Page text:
Facial recognition must not be used on the general public unless it can be proven to significantly improve policing, a watchdog has warned.
The panel said facial recognition should not be adopted unless it could be shown from the field trials that it would be able to significantly increase police efficiency and effectiveness in dealing with serious offences.
After identifying a series of ethical concerns, the body said: “Marginal benefit would not be sufficient to justify life facial recognition’s adoption in the face of the unease that it engenders in some, and hence the potential damage to policing by consent. Clearly there is no benefit to be gained from adopting an ineffective technology.”
A spokesperson for London mayor Sadiq Khan said Scotland Yard must only deploy the technology if the panel’s recommendations were met.
“The mayor understands that there are concerns around the use of facial recognition technology and welcomes the recommendations made by the independent ethics panel,” he told The Independent.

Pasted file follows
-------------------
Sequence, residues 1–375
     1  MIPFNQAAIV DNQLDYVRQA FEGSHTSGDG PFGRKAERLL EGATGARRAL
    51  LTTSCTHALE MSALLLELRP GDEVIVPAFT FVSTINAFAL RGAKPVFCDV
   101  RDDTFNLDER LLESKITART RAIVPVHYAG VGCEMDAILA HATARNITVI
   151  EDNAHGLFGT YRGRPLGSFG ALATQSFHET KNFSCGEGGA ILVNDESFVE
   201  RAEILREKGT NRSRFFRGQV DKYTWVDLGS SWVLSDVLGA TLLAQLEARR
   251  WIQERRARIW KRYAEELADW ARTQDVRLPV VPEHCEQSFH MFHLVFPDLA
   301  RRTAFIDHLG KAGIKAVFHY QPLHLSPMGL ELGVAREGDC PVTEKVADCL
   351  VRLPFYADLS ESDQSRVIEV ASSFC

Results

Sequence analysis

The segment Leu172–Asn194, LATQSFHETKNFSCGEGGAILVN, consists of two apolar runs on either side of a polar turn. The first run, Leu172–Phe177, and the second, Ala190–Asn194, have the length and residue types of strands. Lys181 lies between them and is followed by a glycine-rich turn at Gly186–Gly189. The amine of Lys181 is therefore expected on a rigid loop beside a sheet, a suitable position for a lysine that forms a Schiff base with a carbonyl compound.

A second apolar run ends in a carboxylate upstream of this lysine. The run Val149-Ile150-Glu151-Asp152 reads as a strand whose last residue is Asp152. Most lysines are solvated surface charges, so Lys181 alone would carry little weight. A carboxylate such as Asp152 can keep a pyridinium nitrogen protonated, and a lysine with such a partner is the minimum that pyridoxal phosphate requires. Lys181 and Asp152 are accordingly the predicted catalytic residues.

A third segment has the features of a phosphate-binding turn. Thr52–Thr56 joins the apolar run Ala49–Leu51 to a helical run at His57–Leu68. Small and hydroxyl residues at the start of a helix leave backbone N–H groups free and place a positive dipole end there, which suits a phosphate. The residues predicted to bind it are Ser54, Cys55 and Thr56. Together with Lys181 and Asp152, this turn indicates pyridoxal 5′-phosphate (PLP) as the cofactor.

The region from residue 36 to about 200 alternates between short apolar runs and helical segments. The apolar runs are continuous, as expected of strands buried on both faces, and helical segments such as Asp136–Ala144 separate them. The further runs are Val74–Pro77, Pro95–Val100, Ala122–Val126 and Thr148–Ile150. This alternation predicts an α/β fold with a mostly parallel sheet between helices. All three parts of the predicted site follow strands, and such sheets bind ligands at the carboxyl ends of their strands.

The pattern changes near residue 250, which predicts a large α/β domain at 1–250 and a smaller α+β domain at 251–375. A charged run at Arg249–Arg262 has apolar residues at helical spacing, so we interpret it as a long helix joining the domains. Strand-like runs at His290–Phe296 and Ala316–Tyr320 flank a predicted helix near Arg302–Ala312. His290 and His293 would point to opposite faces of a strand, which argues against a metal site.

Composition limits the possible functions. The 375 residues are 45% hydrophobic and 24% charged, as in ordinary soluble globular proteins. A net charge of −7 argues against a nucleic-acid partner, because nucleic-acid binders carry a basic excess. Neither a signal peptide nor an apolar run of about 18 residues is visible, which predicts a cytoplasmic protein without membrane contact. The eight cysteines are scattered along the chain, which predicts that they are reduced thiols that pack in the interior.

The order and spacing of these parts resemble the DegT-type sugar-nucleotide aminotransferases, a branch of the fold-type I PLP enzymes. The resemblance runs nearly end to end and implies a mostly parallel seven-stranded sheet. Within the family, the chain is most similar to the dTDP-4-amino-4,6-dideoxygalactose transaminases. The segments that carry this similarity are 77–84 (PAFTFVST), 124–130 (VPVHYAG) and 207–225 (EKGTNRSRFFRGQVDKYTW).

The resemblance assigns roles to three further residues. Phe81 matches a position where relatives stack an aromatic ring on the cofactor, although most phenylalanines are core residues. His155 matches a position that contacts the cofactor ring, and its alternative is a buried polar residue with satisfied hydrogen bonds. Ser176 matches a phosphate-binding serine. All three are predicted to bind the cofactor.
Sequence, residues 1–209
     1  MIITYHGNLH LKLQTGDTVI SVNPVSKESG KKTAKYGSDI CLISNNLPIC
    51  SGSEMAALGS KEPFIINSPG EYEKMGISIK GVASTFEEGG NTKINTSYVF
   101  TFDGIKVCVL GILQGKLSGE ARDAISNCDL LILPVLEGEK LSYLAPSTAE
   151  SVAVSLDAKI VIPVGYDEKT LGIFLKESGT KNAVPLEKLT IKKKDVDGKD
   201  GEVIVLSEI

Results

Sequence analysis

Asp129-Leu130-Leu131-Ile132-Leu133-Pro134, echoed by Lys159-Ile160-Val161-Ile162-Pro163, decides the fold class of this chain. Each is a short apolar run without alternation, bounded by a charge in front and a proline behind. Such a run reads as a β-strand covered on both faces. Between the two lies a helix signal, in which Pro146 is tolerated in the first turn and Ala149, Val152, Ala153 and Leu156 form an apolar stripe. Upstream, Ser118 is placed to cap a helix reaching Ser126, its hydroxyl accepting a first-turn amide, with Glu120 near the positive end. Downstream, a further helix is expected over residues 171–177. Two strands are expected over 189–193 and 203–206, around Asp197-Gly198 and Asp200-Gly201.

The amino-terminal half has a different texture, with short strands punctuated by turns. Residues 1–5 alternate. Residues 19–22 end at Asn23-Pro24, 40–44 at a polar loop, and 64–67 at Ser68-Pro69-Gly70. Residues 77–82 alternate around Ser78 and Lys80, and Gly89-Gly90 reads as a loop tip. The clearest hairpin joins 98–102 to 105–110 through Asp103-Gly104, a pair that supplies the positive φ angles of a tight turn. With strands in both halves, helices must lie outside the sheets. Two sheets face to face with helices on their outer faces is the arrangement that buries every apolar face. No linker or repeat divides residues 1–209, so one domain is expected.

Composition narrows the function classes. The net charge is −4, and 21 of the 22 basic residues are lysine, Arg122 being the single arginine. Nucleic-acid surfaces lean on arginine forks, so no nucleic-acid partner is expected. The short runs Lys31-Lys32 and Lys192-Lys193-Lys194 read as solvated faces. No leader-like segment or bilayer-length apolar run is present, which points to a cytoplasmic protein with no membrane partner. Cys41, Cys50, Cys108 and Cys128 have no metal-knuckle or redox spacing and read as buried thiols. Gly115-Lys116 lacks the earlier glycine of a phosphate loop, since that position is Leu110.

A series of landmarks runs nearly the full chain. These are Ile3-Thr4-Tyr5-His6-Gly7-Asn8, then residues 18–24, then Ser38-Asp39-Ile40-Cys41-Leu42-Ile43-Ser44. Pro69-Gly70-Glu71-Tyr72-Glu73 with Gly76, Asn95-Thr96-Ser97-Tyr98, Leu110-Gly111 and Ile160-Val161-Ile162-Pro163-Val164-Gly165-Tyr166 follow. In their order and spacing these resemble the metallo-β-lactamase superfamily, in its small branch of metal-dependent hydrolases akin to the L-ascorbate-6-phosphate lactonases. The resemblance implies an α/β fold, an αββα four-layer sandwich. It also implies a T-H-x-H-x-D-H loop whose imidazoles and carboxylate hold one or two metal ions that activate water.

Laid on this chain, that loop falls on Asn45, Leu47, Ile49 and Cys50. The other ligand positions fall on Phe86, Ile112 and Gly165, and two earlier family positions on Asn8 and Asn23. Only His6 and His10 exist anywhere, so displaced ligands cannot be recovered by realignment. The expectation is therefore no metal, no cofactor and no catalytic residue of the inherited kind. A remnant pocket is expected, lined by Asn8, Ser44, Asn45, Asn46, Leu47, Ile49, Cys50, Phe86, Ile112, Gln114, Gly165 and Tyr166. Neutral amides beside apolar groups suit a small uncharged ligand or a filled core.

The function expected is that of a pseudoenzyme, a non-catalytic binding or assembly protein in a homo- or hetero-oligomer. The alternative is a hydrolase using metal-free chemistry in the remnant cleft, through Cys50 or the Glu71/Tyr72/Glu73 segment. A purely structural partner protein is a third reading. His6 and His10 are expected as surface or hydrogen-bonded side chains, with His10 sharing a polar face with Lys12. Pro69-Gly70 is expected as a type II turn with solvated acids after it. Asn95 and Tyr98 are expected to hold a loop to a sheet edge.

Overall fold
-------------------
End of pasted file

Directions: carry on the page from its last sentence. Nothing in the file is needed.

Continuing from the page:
“Mr Khan’s number one priority is the safety of Londoners, but that must not come at the cost of our values as an open and free society.”
In the first eight experiments carried out between 2016 and 2018, members of the public were misidentified as criminals in 96 per cent of potential “matches” flagged up by the software.
Campaign group Big Brother Watch has already launched legal action against the Metropolitan Police, arguing that its use of facial recognition breaks human rights laws.
The group’s director, Silkie Carlo, told The Independent that the new report could be a “death knell” for the controversial technology, but that it was unclear how its effectiveness would be judged.
“Police have used live facial recognition lawlessly, misidentifying people over 90 per cent of the time, with many of those being wrongly stopped and subject to further police intrusion,” she said.